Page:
Mayor Cooper stated, “I brought this item to my colleagues on the City Council, because I think it is important for everyone who comes to Culver City to shop in a store, eat in a restaurant, or visit any of our service related-retailers to feel that they will be treated equally.”

This new initiative is a part of achieving the broader goals outlined in Culver City’s 2016-2021 Strategic Plan.

Per the City’s website, “The City of Culver City is committed to achieving its goals set out in the 2016-2021 City Council Strategic Plan adopted by the City Council on November 14, 2016. Goal Number Six of this plan is to enhance the City’s reputation as a City of Kindness by creating a coalition of individuals, organizations, and City officials to work together and inspire kindness in Culver City. By implementing a kindness strategy within City Government, conducting outreach to schools, organizations and businesses, and officially becoming a City of Kindness with the help of, Culver City can make great strides in enhancing its reputation as a city that both values and exemplifies kindness.”

Other initiatives and official positions meant to make Culver City a City of Kindness include, a 2016 City Council resolution to condemn violence and hate speech, expressing solidarity with Muslims and others targeted because of their ethnicity, race, religion, or sexual orientation, and a 2017 resolution declaring the Culver City as a Sanctuary City.

In the future, the City Council is planning to conduct further outreach to businesses to “promote the practice of kindness.”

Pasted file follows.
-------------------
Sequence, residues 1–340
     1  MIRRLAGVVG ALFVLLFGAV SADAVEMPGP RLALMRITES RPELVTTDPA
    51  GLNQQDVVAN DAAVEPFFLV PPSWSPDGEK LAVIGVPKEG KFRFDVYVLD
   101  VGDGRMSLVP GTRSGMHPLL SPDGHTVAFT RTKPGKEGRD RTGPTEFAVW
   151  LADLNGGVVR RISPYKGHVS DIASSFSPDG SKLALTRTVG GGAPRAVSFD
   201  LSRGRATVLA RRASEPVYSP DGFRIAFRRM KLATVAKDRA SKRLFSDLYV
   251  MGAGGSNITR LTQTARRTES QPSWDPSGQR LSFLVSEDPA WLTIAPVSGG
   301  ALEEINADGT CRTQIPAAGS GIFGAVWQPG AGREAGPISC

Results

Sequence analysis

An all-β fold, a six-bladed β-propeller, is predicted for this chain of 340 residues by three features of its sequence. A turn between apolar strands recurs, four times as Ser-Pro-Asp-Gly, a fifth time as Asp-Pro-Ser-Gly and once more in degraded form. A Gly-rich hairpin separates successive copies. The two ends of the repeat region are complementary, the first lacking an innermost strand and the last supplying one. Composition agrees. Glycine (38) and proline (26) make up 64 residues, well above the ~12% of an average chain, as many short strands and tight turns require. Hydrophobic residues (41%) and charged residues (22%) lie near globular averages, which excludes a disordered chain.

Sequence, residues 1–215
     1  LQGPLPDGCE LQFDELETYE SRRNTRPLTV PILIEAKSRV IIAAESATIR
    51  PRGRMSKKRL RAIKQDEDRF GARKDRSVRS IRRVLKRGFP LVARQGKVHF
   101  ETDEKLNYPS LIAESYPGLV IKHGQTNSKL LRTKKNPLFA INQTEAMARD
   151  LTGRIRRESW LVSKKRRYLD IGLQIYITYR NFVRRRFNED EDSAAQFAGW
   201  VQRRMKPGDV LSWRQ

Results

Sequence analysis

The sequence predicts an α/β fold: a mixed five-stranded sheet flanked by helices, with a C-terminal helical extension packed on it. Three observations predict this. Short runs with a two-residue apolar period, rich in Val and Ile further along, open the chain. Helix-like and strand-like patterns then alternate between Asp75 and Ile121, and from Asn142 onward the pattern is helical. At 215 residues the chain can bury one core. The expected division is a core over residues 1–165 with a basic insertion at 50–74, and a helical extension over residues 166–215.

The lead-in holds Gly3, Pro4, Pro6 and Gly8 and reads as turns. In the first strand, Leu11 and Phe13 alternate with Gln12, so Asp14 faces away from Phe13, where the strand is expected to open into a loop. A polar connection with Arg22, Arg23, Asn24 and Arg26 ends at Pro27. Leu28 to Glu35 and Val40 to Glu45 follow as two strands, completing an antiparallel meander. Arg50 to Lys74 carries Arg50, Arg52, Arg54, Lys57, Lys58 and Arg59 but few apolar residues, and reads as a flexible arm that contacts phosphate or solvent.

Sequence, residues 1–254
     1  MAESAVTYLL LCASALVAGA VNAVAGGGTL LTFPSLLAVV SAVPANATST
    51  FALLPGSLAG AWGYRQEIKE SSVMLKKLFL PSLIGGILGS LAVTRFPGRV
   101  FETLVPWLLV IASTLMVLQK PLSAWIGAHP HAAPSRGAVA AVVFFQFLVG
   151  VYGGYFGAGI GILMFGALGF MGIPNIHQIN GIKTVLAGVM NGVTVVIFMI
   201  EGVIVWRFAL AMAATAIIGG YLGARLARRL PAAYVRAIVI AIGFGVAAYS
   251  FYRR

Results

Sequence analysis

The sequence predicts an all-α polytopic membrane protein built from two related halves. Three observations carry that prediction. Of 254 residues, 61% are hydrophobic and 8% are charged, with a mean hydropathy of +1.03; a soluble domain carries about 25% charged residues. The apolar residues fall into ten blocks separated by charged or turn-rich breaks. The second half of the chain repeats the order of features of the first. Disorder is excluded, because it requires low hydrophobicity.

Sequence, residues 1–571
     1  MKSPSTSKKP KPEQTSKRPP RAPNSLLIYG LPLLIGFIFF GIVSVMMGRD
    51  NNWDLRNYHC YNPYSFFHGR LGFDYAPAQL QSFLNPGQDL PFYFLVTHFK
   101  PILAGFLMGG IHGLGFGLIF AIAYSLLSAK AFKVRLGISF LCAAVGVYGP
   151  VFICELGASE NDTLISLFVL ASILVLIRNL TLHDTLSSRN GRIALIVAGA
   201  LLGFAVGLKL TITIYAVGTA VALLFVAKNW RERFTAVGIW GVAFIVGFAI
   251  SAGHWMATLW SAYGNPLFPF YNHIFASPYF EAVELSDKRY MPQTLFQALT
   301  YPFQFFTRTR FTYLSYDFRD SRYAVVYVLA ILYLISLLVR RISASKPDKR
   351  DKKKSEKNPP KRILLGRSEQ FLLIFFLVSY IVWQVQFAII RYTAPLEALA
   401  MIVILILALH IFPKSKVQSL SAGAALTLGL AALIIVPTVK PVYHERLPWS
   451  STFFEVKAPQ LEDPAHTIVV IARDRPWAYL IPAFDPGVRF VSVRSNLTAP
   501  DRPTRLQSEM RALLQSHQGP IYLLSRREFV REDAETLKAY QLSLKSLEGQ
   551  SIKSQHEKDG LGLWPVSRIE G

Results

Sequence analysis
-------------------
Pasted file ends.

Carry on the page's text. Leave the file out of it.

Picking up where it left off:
Any Culver City business interested in picking up the free 13” x 19” City of Kindness poster for display in its storefront should visit the City Clerk’s Office on the first floor of City Hall at 9770 Culver Blvd. Posters are available while supplies last so Martin Feinberg, Culver City Realtor, encourages business owners not to delay.

To find out other ways to participate in the community’s City of Kindness programs, please visit

Image is a chalkboard drawn of colorful people on top of the word Teamwork.

Culver City Receives Grant to help with Food Waste

Image is the produce section of a grocery store.Culver City was awarded almost $500,000 in grant money on Monday to help fight climate change. Specifically, the money will go towards eliminating food waste. Ironically, the Culver City Real Estate area is located in Los Angeles County, which is known for being the most food scarce county in the country.

Martin Feinberg, Culver City Realtor, learned that seven Los Angeles charities along with Culver City were awarded a total of $2.1 million from the California Department of Resources Recycling and Recovery. The money came from the department’s new Food Waste Prevention and Rescue Grant Program.

Each organization that received a grant has been asked to find and implement strategies for getting rid of the estimated six million tons of food waste that ends up in California landfills each year. At the same time, each organization must find ways to get more food onto the tables of those in need.

The new program is a part of California’s plan to fight climate change. It provided 31 projects with more than 9.4 million from CalRecycle to eliminate food waste and therefore cut down on those greenhouses gases caused by decomposing food.

According to Feed America, 12.2% (or nearly 1.3 Million) Angelinos go hungry each day. They also discovered that there are more children in Los Angeles County living without adequate food than anywhere else in the United States.

CalRecycle Director Scott Smithline stated, “Bolstering California’s food recovery infrastructure will help feed communities in need, create new jobs, and result in significant greenhouse gas reductions. Our hope is that these programs will inspire similar efforts throughout California.”